“What’s in a name?” Ciuraru asks, and replies: “Everything. Nothing. Some writers find that crafting prose under the name they were born with is too restrictive. It can seem oddly false, or perhaps not grand enough to accompany their literary peregrinations. A name carries so much baggage; it can seem tired and dull. Too ethnic. Too stultifying. Too old. Too young. In such instances, an author may be unable to proceed if he is, say, Samuel Clemens, but feels capable of achieving impressive feats if he is Mark Twain.” Her study of pseudonyms, Ciuraru writes, suggests several themes, among them “the complex psychological machinery of authorial identity; the perils of literary fame; the struggles of the artist within a society generally hostile to such a vocation; courage and faith; and the nature of creativity itself.”
True enough, and there is evidence of all these in the mini-biographies she writes. It seems to me, though, that her dominant theme involves the pressures and difficulties faced by women as they sought to work as writers in a culture dominated by men and to discuss subjects generally regarded as unsuitable for women. Thus we have the most famous 19th-century examples: Anne, Charlotte and Emily Bronte, who wrote as, respectively, Acton, Currer and Ellis Bell; Aurore Dupin, who wrote as George Sand; and Marian Evans, who wrote as George Eliot. We have the personal testimony of Charlotte Bronte about the choices she and her sisters made, published in posthumous editions of two of the sisters’ novels:
“Averse to personal publicity, we veiled our own names under those of Currer, Ellis, and Acton Bell; the ambiguous choice being dictated by a sort of conscientious scruple at assuming Christian names positively masculine, while we did not like to declare ourselves women, because — without at that time suspecting that our mode of writing and thinking was not what is called ‘feminine’ — we had a vague impression that authoresses are liable to be looked on with prejudice; we had noticed how critics sometimes use for their chastisement the weapon of personality, and for their reward, a flattery, which is not true praise.”
There was more to it than that, though, as Charlotte put it in a letter to her future biographerElizabeth Gaskell, saying that “her chief reason for maintaining an incognito is the fear that if she relinquished it, strength and courage would leave her, and she should ever after shrink from writing the plain truth.” There is of course a double meaning here: The pseudonym provided a shield for her as a woman, but also as a writer seeking to express deep and possibly troubling truths. Much the same seems to have motivated Dupin to present herself to the public as George Sand — little read today, she was hugely popular in France during the 19th century — as well as Evans to become George Eliot.
Also known at various points in her life as Mary Anne and Mary Ann, Evans “often felt that she’d been given the mind of a man but not his opportunities.” That is a sentiment that most of today’s female writers would emphatically reject — “mind of a man” indeed! — but she also “felt that her controversial subject matter — depicting the lives of clergymen in her own native county of Warwickshire, and invoking autobiographical ideas about religion, faith, and unrequited love — demanded secrecy.” The same was true in the next century of Dominique Aury (who already had changed her public name from Anne Desclos), after her lover insisted that she publish as a novel the long, deeply erotic love letter she had written to him. She agreed to publish “Story of O” only “on the condition that her authorship remain hidden, known only to a select few.” The name she chose was Pauline Reage, and the book first appeared in 1954.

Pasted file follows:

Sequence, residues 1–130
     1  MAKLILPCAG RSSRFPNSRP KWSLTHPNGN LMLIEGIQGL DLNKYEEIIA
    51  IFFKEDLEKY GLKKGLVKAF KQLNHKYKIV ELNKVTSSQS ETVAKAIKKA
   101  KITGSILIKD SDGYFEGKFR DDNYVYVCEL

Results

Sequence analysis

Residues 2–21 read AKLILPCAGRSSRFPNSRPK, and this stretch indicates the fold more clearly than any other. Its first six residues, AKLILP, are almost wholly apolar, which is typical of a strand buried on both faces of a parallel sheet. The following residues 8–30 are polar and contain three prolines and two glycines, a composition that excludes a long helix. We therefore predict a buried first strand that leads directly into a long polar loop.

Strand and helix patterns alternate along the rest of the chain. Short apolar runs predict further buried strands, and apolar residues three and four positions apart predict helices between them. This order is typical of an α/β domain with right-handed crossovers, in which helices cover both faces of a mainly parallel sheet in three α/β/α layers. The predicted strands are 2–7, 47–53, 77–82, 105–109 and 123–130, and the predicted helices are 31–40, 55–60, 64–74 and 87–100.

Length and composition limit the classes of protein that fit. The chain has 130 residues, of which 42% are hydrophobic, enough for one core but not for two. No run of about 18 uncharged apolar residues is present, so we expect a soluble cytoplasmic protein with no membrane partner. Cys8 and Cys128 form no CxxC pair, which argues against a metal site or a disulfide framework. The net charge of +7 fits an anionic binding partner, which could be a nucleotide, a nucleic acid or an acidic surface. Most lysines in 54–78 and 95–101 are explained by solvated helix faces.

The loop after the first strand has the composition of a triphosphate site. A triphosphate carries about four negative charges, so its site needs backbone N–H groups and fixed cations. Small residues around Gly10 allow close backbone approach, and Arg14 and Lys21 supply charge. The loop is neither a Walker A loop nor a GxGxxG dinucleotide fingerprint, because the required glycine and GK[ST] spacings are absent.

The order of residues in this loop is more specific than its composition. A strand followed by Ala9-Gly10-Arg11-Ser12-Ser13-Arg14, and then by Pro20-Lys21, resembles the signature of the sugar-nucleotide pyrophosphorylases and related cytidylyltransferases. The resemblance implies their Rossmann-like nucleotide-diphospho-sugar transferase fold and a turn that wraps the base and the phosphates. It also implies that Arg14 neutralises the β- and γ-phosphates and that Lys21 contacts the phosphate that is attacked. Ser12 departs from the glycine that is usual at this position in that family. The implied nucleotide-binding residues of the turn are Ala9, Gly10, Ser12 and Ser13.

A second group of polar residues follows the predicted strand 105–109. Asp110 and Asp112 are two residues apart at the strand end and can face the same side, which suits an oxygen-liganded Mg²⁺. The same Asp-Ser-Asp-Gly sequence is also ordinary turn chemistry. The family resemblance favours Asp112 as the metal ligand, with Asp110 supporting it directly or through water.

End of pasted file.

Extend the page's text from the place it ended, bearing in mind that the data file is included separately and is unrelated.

It is interesting that, unlike the Brontes, Dupin or Evans, Aury chose a woman’s name as her pseudonym. It was generally known (or assumed) that the author was a woman, and Aury felt no need to hide behind a man’s name, but she was understandably reluctant to be identified as the author of O’s story of “debasement, torment, humiliation, violence, and bondage.” Whether one considers the book pornography or art — or, as I do, a combination of both — its publishing history places it in a long line of sexually candid works whose authors chose anonymity.
It’s also true that using a pseudonym can be a form of self-defense. “Most of these authors had endured childhoods with domineering, neglectful, or cruel parents,” Ciuraru writes. “They suffered profound trauma early on, such as the death of a parent (in the case of [Isak] Dinesen’s father, by hanging himself) or of one or more siblings. Mark Twain outlived his spouse and all but one of his children; Georges Simenon’s daughter killed herself. For these troubled authors whose lives seemed to bring impediments without surcease, an alter ego served as a kind of buffer, protecting them (at least up to a point) from the painful aspects of their lives.” This point has been made, with variations, by most of Mark Twain’s biographers, all of them strongly (and justifiably) influenced by Justin Kaplan’s pathfinding “Mr. Clemens and Mark Twain” (1966).
Ciuraru thinks that the use of pseudonyms has declined “with the rise of television and film.” Perhaps she is right: “As people gained more access to the lives of others, it became harder to maintain privacy — and perhaps less desirable. In today’s culture, no information seems too personal to be shared (or appropriated).” Yes, but even as the use of literary noms de plume has declined, fictions masquerading as fact have been on the rise, and have caused at least as much gossip and scandal as did the questions Who really is George Eliot? Who really is Pauline Reage? Truth and fiction, reality and fantasy remain slippery matters, albeit in different forms.